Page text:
Certified Nursing Assistant CNA jobs & specialties

A Certified Nursing Assistant (CNA) provides basic patient care under the supervision of registered nurses or licensed practical nurses. CNAs work closely with patients, helping them with daily activities and providing support in healthcare settings such as hospitals, nursing homes, assisted living facilities, and home healthcare.

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In-demand CNA specialties

CNAs can pursue various specialties to provide specialized care and support to patients with specific healthcare needs. CNAs who choose to specialize can work in areas like behavioral health and assisted living. The role of specialties as a Certified Nursing Assistant empowers individuals to develop expertise in particular domains, contributing to enhanced patient outcomes. Some in-demand CNA specialties include:
  • Acute Care CNA
  • Behavioral Health CNA
  • Assisted Living CNA
  • Skilled Nursing CNA
A CNA in scrubs stands in the foreground of a home while a family sits on the couch behind her.

Working as a CNA

The primary responsibilities of a Certified Nursing Assistant include:

  • Assisting with activities of daily living (ADLs): CNAs help patients with tasks like bathing, dressing, grooming, toileting, and feeding.
  • Monitoring vital signs: CNAs measure and record patients' vital signs, such as blood pressure, pulse rate, temperature, and respiration.
  • Mobility assistance: CNAs help patients move and transfer safely, using techniques such as lifting, turning, and positioning.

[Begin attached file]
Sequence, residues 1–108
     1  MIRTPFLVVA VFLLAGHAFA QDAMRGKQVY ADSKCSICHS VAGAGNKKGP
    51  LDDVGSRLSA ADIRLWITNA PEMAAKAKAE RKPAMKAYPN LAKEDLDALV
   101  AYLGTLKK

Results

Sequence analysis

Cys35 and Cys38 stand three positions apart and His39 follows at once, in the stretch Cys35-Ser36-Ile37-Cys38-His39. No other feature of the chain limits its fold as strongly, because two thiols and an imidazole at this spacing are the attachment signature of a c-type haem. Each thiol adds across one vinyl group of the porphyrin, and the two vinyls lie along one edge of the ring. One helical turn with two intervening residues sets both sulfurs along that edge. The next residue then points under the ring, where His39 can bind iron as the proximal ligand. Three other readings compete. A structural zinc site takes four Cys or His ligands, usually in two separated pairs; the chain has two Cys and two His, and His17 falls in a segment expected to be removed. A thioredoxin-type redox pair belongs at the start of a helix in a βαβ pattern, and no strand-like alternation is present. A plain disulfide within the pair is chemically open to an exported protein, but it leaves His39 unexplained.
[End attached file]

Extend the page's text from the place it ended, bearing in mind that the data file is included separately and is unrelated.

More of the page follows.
• Providing comfort care: CNAs ensure patient comfort by providing proper bedding, adjusting room temperature, and addressing any immediate comfort needs.
  • Assisting with meals: CNAs help patients with meal preparation, feeding, and ensuring adequate nutrition and hydration.
  • Observing and reporting: CNAs observe patients' physical and mental conditions, noting any changes or concerns and reporting them to the nursing staff.
  • Assisting with medical procedures: CNAs may help with simple medical procedures, such as wound care, applying dressings, and collecting specimens.
  • Providing emotional support: CNAs offer companionship and emotional support to patients, helping them cope with their healthcare experience.
  • Maintaining a clean and safe environment: CNAs ensure that patient rooms and common areas are clean, organized, and free from hazards.

Becoming a Certified Nursing Assistant typically requires completing a state-approved training program, which typically lasts a few weeks or months. The training covers essential topics like basic nursing skills, infection control, safety protocols, and communication techniques. After completing the training program, CNAs must pass a competency evaluation, which consists of a written examination and a skills demonstration.

CNAs work closely with patients and play a crucial role in providing direct care and support. They are an integral part of the healthcare team and contribute to maintaining the comfort and well-being of patients under the supervision of licensed nurses.